The Political Economy of Spatial Rationalization and Integregation Policies in Tanzania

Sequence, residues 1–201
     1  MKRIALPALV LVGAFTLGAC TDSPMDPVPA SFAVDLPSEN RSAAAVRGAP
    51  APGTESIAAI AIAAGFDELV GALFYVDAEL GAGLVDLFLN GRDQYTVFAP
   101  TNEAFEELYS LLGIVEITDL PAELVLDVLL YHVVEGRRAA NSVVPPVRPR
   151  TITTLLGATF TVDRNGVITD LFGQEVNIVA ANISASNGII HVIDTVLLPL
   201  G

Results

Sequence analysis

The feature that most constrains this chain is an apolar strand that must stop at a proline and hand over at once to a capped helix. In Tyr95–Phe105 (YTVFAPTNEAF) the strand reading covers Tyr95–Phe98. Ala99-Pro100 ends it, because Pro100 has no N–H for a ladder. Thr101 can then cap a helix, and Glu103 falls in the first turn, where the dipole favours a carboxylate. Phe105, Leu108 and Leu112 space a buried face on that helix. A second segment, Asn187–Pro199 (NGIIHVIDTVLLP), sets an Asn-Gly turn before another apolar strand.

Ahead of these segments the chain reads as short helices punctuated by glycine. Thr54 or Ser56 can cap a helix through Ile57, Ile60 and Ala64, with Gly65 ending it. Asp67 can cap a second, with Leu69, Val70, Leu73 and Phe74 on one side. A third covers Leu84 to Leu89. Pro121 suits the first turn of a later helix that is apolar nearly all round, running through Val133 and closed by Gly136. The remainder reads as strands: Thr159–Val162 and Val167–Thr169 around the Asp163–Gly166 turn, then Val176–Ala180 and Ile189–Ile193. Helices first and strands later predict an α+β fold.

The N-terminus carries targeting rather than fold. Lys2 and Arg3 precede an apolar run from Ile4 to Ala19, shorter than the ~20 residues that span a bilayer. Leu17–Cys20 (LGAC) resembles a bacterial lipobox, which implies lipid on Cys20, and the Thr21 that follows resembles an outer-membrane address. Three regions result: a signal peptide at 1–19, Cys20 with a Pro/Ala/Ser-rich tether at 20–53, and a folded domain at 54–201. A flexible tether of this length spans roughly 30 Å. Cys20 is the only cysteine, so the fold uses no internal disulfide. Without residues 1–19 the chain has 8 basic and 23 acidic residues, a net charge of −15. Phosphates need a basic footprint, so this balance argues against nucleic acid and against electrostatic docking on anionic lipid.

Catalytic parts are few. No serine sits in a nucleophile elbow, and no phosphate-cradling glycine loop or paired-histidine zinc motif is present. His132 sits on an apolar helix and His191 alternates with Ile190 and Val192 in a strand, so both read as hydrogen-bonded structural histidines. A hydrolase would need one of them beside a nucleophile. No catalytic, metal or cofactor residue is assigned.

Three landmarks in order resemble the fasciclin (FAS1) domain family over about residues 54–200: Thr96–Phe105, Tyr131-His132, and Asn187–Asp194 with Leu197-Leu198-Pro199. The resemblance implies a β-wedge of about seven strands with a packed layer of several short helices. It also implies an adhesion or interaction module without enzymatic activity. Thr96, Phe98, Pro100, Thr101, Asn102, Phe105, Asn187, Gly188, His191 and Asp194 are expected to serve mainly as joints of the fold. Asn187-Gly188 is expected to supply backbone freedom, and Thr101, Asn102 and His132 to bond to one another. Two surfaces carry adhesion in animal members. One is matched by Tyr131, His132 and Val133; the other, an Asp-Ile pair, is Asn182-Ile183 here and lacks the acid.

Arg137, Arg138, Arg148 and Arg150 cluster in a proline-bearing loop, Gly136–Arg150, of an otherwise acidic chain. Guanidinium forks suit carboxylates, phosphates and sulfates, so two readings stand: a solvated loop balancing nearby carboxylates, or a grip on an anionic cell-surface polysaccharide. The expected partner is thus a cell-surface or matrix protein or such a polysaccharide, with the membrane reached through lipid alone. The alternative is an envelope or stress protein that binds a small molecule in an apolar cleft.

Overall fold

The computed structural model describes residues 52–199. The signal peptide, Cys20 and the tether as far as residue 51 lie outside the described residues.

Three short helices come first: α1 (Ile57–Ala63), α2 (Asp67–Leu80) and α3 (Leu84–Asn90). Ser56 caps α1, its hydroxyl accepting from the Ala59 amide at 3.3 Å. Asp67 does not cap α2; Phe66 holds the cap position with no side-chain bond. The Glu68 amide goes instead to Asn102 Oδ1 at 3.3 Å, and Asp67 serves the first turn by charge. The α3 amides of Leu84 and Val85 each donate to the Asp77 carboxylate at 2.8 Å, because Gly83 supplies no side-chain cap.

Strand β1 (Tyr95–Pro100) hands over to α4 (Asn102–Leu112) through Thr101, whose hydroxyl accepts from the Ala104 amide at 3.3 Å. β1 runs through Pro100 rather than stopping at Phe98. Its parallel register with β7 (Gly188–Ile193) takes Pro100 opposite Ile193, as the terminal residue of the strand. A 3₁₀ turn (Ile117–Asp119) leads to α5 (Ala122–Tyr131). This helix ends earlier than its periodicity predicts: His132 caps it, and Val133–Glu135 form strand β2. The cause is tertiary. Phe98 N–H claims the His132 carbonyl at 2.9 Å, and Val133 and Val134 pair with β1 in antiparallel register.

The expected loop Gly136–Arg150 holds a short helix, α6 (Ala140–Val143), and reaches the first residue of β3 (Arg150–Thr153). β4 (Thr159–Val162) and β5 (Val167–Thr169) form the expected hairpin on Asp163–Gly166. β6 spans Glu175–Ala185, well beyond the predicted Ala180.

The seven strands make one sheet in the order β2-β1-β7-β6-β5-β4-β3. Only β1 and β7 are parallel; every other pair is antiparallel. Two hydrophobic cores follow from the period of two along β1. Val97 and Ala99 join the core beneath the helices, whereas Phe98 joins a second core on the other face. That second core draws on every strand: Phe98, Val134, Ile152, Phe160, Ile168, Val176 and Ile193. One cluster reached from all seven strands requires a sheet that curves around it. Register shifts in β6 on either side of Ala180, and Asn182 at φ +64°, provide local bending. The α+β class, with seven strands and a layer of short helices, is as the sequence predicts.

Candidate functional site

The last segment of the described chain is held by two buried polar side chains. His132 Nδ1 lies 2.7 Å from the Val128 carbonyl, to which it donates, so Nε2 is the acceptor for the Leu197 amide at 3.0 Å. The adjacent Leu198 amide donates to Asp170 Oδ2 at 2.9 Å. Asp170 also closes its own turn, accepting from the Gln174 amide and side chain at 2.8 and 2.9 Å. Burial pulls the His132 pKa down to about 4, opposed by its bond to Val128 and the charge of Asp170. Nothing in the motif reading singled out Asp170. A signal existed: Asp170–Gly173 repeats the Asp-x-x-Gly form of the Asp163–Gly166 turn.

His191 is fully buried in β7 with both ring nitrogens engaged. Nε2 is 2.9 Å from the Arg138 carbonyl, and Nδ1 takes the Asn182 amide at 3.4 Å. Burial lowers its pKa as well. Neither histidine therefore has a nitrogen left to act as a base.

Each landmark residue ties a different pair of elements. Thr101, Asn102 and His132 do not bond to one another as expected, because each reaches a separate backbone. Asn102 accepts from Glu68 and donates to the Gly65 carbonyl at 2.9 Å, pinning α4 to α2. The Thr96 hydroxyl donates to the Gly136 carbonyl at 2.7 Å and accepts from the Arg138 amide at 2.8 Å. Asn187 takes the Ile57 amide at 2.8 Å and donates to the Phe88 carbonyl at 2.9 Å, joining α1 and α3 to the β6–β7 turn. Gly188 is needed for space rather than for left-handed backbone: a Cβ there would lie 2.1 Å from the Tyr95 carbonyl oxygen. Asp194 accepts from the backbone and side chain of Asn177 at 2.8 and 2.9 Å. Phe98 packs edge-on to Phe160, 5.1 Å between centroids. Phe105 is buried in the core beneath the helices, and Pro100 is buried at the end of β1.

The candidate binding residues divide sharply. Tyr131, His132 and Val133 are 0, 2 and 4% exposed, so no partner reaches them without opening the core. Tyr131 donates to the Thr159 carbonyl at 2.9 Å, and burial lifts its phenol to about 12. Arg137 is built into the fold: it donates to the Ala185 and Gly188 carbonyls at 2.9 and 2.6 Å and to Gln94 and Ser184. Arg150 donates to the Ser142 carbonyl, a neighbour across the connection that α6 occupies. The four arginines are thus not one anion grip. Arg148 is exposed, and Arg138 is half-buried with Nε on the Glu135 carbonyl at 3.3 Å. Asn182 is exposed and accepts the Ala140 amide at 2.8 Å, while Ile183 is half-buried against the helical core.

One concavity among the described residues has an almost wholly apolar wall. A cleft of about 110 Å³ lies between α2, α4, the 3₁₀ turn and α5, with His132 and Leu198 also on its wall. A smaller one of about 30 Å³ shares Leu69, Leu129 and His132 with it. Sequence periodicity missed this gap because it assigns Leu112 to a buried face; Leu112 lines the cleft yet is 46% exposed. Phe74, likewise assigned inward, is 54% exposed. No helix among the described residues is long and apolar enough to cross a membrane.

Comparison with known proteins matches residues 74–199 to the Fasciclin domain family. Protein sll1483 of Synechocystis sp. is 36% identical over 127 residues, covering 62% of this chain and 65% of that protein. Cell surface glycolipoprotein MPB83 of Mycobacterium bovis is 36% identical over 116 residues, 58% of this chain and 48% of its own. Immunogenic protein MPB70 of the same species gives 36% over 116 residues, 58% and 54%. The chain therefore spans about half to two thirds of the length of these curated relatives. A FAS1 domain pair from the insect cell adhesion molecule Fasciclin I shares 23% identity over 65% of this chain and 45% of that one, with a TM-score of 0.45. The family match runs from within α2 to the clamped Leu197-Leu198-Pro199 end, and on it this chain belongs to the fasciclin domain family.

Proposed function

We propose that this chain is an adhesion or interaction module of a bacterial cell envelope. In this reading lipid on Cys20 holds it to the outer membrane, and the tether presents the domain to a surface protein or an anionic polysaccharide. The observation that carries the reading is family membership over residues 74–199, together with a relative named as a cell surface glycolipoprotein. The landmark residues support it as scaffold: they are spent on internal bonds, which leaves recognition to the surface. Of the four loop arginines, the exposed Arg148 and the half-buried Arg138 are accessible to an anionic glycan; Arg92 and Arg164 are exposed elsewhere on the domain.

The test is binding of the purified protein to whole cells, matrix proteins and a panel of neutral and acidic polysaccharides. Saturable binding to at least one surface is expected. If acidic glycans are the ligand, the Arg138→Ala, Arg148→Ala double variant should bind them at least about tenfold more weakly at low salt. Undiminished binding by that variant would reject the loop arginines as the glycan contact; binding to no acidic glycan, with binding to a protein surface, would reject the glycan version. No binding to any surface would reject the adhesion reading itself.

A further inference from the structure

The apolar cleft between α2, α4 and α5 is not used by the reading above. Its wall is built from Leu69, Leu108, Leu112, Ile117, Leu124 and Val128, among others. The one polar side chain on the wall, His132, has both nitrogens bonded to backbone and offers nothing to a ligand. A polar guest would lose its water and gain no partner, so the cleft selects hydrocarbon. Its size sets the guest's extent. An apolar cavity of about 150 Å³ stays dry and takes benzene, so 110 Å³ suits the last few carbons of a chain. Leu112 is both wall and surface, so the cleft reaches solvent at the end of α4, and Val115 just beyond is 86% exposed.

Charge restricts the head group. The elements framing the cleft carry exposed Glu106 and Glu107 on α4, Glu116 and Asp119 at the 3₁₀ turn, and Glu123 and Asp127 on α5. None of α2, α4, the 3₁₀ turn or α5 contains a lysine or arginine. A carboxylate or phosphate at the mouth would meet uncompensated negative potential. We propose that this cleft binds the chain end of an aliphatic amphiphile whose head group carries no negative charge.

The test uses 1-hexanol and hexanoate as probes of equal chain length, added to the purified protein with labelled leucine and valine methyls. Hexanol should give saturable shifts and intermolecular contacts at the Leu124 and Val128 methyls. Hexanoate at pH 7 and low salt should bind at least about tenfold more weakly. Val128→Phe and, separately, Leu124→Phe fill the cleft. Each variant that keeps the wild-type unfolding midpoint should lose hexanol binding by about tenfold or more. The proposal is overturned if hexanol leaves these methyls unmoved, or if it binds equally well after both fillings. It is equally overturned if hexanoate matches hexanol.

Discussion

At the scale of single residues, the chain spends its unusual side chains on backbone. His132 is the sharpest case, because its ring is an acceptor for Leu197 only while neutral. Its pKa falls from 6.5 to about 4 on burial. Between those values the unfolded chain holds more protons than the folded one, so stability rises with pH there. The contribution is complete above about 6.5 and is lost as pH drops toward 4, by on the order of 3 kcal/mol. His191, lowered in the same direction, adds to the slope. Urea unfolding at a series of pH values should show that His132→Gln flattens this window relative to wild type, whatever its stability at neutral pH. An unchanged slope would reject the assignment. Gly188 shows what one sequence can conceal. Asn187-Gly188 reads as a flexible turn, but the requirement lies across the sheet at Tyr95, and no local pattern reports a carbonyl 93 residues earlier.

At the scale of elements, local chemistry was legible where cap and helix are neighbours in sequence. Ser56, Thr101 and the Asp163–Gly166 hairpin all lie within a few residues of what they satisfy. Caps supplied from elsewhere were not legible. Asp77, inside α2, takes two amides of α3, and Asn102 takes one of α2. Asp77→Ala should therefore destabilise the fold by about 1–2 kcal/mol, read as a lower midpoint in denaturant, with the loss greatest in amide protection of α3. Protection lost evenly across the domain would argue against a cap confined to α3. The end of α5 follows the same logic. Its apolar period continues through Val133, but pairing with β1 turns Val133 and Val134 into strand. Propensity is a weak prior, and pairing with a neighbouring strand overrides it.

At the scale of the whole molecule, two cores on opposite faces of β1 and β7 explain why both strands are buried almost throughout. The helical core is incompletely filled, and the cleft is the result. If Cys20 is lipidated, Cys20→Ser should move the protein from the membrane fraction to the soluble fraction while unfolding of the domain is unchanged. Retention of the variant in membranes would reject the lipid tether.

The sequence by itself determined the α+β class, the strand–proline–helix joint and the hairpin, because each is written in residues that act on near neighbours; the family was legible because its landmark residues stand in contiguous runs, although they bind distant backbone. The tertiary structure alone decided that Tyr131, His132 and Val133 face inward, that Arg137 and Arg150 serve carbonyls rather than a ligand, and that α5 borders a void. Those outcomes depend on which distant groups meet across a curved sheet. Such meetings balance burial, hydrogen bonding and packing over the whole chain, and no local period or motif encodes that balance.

Ecology, technology, and social forces encouraged differentiation between groups and varied socio-spatial systems. The size and reliability of the surplus affected levels of labor division, social stratification, and political centralization. Colonial spatial specialization and inequality produced four types of regions based, in turn, on peasant cash-crops, estates and plantations that produced crops for export with imported labor, labor reserves, and a peripheral role and location. The political principles underlying Ujamaa made villagization a crucial policy piece, a vehicle for addressing a variety of aims. More policy changes came about because of slow, voluntary villagization, economic decline, and the state’s need to penetrate rural areas, accelerate development, and prove socialism’s superiority. Settlement structure has been a core element of Tanzania’s development policy. The use of settlement structure in development strategies raises questions of villagization’s theoretical and practical soundness and the question of how crucial spatial issues are to development.